Rule 60(b)(3) allows a district court to grant relief in cases of “fraud (whether previously called intrinsic or extrinsic), misrepresentation, or misconduct by an opposing party.” Fed.R.Civ.P. 60(b)(3). The rule establishes a time by which motions under the rule must be filed, however: “A motion under Rule 60(b) must be made within a reasonable time-and for reasons (1), (2) and (3) no more than a year after the entry of the judgment or order or the date of the proceeding.” Fed.R.Civ.P. 60(c)(1).[1] “The ‘reasonableness' requirement of Rule 60[(c)] applies to all grounds; the one year limit on the first three grounds enumerated merely specifies an outer boundary.” Richard v. Allen, No. 95-3451, 1996 WL 102419, at *1 (6th Cir. Mar. 7, 1996) (unpublished); Deran Mktg. Corp. v. Fisher Foods, Inc., No. 84-3527, 1986 WL 16665, at *4 (6th Cir. Mar. 27, 1986) (unpublished) (explaining that “a motion under Rule 60(b)(1) will be held untimely if not brought within a reasonable time, even though brought within one year”); Planet Corp. v. Sullivan, 702 F.2d 123, 125-26 (7th Cir. 1983); Cotto v. United States, 993 F.2d 274, 280 (1st Cir. 1993); Wright & Miller, 11 Fed. Prac. & Proc. Civ. § 2866 (3d ed.) at 232. In other words, the one-year period represents an extreme limit and a motion will be untimely if not made within a “reasonable time” even though the one-year period has not expired.

         Whether the timing of a Rule 60(b) motion is reasonable “‘ordinarily depends on the facts of a given case including the length and circumstances of the delay, the prejudice to the opposing party by reason of the delay, and the circumstances compelling equitable relief.'” Thompson v. Bell, 580F.3d 423, 443 (6th Cir. 2009) (quoting Olle v. Henry & Wright Corp., 910 F.2d 357, 365 (6th Cir. 1990)).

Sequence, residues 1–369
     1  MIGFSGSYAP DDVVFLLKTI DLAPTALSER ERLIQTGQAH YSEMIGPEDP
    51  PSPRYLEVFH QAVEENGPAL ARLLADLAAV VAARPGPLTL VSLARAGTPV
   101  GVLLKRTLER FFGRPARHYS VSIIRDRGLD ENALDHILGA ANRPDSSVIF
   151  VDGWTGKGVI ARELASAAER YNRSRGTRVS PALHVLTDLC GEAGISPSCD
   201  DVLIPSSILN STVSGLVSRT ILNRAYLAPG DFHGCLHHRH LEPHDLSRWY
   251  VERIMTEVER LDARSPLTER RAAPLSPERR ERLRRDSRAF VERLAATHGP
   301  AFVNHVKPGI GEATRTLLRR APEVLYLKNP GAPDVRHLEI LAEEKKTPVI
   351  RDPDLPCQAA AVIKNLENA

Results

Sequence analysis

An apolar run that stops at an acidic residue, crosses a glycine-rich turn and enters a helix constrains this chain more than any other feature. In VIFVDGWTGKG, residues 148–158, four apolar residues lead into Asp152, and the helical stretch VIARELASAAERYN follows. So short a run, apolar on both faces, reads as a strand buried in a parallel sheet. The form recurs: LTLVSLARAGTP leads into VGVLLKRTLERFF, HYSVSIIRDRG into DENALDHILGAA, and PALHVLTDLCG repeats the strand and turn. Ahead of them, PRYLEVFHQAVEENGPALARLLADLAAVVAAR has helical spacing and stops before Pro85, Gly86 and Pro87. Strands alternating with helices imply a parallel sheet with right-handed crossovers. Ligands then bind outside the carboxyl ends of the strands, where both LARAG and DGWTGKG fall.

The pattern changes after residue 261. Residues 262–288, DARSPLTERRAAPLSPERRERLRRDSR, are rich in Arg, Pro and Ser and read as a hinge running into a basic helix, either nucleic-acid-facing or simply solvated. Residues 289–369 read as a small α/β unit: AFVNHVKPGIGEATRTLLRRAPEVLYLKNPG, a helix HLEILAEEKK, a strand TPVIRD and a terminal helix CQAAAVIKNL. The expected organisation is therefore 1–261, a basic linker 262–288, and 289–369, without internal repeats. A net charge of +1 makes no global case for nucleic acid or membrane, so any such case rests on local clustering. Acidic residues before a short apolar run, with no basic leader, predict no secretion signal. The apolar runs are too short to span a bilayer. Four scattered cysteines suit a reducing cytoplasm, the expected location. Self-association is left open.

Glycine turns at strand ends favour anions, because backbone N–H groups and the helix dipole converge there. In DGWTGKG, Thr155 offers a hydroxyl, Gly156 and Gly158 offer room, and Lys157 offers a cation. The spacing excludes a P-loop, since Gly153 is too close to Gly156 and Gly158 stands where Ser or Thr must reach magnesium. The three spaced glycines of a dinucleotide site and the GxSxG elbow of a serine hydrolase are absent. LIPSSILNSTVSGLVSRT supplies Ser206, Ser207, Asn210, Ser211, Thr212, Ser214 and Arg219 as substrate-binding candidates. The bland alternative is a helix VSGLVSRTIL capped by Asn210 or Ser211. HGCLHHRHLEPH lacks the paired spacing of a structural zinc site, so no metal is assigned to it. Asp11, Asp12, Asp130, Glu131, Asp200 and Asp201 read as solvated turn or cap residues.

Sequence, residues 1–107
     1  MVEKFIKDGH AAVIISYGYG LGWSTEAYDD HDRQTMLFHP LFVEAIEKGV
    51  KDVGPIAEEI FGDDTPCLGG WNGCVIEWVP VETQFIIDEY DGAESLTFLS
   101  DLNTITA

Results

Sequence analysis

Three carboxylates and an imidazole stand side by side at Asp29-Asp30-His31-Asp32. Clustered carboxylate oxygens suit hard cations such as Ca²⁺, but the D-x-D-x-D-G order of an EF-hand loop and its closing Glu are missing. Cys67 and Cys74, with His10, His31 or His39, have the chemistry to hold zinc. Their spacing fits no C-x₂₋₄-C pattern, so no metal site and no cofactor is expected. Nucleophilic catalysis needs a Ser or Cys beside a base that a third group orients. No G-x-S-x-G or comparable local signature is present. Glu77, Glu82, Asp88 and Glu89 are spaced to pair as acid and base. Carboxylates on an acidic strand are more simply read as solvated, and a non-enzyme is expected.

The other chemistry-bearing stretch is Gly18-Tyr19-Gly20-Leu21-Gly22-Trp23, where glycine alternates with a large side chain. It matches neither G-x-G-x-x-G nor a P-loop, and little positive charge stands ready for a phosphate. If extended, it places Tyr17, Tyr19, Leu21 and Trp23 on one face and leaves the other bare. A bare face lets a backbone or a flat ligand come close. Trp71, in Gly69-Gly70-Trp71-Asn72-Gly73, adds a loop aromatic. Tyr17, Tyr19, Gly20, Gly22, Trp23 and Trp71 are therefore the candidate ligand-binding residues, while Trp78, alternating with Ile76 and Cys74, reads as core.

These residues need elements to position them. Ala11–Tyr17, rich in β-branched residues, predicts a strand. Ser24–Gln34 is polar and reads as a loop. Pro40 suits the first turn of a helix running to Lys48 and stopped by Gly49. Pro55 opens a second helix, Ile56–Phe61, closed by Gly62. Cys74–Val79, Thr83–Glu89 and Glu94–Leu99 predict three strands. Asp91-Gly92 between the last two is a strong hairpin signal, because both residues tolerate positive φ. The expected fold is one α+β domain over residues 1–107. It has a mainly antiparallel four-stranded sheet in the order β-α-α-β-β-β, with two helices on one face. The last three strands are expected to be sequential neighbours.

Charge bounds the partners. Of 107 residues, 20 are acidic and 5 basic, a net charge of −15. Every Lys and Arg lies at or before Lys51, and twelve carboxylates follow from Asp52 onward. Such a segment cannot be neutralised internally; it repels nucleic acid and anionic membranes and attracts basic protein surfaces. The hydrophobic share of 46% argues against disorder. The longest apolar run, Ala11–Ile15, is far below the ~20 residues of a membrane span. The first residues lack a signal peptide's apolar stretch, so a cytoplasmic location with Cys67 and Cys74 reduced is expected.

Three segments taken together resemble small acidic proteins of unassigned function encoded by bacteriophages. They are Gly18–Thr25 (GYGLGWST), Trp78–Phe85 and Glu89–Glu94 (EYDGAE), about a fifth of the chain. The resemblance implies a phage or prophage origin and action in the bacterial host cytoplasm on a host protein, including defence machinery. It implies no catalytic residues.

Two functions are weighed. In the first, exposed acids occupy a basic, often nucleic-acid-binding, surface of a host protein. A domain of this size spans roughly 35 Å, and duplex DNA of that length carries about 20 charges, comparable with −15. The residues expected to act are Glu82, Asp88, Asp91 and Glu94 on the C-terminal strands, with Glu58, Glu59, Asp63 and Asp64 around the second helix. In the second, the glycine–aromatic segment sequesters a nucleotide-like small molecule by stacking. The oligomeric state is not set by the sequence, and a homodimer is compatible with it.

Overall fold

Plaintiff's counsel was aware that Chief Engineer Warren changed his testimony when he testified at trial on June 25, 2015. Counsel also knew on that date that Defendant had not supplemented its prior disclosures to reflect this “newly remembered” testimony. As such, the conduct forming the basis for Plaintiff's current motion was known to counsel without his client sharing Chief Engineer Warren's apology for not telling the truth. Yet, counsel waited almost two and a half years to bring this conduct to the Court's attention and seek relief under Rule 60(b).

         In reply to Defendant's assertion of untimeliness, Plaintiff contends that there was no reason for Plaintiff to argue this basis for review once the Court had overturned the jury's verdict and the matter was on appeal. The Court did not grant Plaintiff's directed verdict, however, until December 23, 2015-almost six months after Chief Engineer Warren's testimony and the verdict in favor of Defendant. In the meantime, Plaintiff filed a motion for new trial in which the current basis for relief could have (and should have) been raised.

         Further, the Sixth Circuit issued its decision reversing this Court and remanding for entry of a judgment in Defendant's favor on March 31, 2017. The Sixth Circuit's mandate was issued May 24, 2017. All of the information on which Plaintiff rests his request for relief were known to him and his counsel long before then. Nevertheless, ...